Now that basketball season is well underway - we're actually nearing the end of the season with only a couple of games and practices left on the schedule - both Tom and I know we were right to hesitate. Will's small stature, along with his intense fear of the ball and less-than-agressive style of play, have been significant challenges for him on the court. We also discovered that when Will's larger, more aggressive, and more skilled teammates dominate the game, he tends to "check out". (He doesn't actually leave the game - he stays in the game but doesn't pay any attention to what's going on around him.) During one particularly awful game about a third of the way through the season, Will could be found twirling in a circle on the opposite end of the court from where the play was happening. I shared with Aunt Sara shortly after the game that it looked like Will was ice dancing instead of playing basketball. I felt terribly for Will's awesome coaches, who, while trying so valiantly to motivate him, must have been extraordinarily frustrated. I certainly was, to the point that I actually told Tom I might not be able to attend any more basketball games.
After that awful game, Tom and I had a major sit-down with Will, during which we went over - in great detail - what we expected from him when it came to sports participation. We explained to Will that it didn't matter to us if he ever made a basket or even touched the ball. We did care, however, about effort. Will had made a commitment to his coaches and his team and HIMSELF, and we expected him to give 100% every single time he set foot on the court. He cried, but since he's kind of a crier I wondered whether or not we'd actually gotten through to him.
The following week I held my breath as Will took the court. But as play started, I was delighted to see that Will had listened the week before. He was no taller, no less afraid of the ball, and no more aggressive, but he tried as hard as he could that evening - he even touched the ball once. The next week, though still no taller and no less afraid of the ball, he started GOING FOR THE BALL and actually dribbled TWICE. Just like when Will finally rode his bike without training wheels, I nearly cried with pride.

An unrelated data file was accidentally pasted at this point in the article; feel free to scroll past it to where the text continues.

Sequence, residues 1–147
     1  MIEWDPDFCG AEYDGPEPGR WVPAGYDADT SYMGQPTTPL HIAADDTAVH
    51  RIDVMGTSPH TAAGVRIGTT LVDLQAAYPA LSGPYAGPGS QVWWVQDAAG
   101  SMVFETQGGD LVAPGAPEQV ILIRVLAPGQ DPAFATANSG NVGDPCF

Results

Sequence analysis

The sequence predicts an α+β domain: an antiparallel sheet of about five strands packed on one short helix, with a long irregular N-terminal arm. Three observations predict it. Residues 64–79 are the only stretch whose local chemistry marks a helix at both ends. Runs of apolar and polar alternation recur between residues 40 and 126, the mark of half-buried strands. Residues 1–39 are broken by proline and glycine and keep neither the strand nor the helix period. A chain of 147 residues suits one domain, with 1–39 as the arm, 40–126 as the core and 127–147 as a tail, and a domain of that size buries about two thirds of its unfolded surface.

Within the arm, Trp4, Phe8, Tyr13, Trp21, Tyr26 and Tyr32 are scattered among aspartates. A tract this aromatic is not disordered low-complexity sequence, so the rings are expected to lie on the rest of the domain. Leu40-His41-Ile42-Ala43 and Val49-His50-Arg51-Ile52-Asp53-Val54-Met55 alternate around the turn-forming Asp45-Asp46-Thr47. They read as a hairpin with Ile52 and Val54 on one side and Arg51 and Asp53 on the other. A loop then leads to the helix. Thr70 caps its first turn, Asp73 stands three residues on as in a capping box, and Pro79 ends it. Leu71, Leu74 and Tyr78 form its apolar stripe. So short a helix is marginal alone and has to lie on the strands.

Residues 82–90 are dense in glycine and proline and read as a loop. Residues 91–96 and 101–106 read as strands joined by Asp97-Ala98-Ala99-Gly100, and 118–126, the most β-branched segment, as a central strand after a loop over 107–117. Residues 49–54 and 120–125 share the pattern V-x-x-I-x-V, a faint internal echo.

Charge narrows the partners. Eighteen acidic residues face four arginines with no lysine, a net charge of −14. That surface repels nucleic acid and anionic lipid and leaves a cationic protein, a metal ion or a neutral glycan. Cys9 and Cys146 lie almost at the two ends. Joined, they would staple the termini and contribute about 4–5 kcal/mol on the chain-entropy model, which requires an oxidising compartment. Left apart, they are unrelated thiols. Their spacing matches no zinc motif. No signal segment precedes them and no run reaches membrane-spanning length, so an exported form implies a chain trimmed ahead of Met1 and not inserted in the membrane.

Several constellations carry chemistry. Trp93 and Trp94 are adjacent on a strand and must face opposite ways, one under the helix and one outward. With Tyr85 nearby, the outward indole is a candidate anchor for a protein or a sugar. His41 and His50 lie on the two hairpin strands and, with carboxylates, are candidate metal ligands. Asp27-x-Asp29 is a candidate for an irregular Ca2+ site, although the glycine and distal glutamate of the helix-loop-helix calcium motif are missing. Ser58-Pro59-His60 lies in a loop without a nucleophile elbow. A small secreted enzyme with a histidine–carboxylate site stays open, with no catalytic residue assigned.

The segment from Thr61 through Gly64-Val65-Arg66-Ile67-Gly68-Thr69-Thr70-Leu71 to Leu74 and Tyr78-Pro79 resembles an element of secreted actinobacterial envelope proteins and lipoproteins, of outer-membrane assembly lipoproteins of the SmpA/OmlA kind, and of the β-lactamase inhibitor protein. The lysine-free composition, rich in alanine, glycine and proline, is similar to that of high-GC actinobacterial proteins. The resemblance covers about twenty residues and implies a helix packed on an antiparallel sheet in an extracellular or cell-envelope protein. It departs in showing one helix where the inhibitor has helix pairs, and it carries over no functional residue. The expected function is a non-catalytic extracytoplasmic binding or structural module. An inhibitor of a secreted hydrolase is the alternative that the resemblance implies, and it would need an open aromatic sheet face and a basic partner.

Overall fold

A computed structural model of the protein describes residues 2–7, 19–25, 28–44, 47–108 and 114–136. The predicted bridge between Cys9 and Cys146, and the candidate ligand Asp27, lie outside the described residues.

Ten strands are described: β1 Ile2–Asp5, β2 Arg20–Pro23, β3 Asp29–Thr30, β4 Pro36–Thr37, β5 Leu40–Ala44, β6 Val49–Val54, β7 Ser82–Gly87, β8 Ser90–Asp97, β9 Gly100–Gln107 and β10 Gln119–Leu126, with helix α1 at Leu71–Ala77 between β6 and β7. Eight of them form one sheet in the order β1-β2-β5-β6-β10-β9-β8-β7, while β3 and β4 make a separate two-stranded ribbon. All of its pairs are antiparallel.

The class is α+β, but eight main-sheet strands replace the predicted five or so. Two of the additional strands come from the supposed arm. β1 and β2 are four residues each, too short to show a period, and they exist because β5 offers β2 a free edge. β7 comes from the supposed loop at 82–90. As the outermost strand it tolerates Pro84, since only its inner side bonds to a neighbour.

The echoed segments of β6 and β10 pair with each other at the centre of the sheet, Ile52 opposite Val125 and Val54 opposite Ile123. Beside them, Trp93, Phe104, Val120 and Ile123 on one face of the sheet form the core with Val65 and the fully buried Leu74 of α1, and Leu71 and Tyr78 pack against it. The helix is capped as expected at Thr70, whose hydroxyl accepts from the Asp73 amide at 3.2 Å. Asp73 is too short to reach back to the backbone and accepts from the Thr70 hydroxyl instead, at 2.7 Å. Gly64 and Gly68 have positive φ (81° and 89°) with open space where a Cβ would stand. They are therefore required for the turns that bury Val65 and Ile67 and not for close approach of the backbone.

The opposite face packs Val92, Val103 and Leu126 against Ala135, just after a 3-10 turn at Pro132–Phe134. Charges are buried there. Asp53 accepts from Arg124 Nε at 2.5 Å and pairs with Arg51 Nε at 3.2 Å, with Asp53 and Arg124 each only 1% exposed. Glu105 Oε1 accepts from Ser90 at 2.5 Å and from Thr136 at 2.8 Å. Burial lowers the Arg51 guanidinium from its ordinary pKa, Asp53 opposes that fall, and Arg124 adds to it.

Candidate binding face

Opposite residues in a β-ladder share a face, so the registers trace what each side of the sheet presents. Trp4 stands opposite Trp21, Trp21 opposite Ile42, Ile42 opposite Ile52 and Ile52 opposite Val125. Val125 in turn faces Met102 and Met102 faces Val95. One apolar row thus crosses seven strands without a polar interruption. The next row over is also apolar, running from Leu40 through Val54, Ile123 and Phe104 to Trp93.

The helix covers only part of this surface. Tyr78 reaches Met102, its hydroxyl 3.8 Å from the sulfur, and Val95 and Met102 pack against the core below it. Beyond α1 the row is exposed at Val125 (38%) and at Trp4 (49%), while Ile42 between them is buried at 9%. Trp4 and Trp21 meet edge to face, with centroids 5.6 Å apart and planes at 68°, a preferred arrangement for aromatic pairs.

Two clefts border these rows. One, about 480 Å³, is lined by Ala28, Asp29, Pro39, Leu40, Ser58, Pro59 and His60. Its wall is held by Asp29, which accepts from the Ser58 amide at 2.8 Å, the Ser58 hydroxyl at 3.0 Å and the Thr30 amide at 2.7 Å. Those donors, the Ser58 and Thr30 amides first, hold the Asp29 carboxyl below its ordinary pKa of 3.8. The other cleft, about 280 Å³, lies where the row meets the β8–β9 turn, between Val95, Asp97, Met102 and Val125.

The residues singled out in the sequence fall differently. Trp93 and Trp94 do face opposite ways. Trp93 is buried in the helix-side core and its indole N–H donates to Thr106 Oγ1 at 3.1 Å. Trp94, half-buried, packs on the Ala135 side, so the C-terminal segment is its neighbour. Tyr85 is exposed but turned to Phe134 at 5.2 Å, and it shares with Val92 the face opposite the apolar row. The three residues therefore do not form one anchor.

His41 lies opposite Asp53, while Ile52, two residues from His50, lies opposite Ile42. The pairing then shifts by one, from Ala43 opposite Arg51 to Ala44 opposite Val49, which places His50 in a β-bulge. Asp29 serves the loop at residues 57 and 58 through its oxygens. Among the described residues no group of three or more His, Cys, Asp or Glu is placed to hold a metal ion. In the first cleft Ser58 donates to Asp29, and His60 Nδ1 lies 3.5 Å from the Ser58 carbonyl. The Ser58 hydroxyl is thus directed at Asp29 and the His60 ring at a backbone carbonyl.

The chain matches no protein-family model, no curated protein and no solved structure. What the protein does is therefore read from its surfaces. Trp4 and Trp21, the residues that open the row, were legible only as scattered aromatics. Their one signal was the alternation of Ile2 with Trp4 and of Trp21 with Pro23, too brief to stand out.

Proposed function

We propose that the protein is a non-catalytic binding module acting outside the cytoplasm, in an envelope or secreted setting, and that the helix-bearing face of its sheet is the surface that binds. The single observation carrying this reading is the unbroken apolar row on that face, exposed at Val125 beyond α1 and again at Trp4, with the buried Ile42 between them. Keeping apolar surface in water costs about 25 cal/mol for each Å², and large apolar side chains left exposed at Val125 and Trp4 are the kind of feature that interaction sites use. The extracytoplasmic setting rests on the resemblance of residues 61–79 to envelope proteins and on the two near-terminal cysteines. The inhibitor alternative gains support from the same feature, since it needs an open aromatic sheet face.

Basketball will never be Will's sport, but he's now making the most of this experience and simultaneously making his parents proud.
Goofing off on the sideline. (Ms. Amy is a teacher at Will's school - as well as the wife
of Will's Brett-Favre-look-alike coach and the mom of one of the little boys on the team -
so when the boys started acting up on the sideline she "took care of it".
I'm certain Will took her much more seriously than he would have taken me.)
Playing defense. Will's specialties are throwing the ball in to a teammate after it's
gone out of bounds and remembering to put his hands in the air when he's on defense.
At the ready. See the wrist band he's wearing? They use colored wrist bands to
help the kids remember who on the other team they're guarding. (One kid on each
team wears a blue wrist band and they guard each other, one kid on each team wears
a red wrist band and they guard each other, etc. It works surprisingly well.)
Pretending like he might catch the rebound. I say pretending because if the ball
were to actually bounce off the backboard in Will's direction, one of two things would
happen: either one of his taller teammates would catch it over his head or
he would cover his face and duck.
More to come as the season bounces on!